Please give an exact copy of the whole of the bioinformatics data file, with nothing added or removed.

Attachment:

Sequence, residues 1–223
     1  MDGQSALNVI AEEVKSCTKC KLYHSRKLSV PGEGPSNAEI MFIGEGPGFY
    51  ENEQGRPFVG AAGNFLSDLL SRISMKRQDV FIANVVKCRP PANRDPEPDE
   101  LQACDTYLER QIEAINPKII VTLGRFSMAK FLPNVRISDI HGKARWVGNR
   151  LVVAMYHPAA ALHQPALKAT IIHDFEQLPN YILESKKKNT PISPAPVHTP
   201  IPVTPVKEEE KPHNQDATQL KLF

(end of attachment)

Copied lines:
Sequence, residues 1–223
     1  MDGQSALNVI AEEVKSCTKC KLYHSRKLSV PGEGPSNAEI MFIGEGPGFY
    51  ENEQGRPFVG AAGNFLSDLL SRISMKRQDV FIANVVKCRP PANRDPEPDE
   101  LQACDTYLER QIEAINPKII VTLGRFSMAK FLPNVRISDI HGKARWVGNR
   151  LVVAMYHPAA ALHQPALKAT IIHDFEQLPN YILESKKKNT PISPAPVHTP
   201  IPVTPVKEEE KPHNQDATQL KLF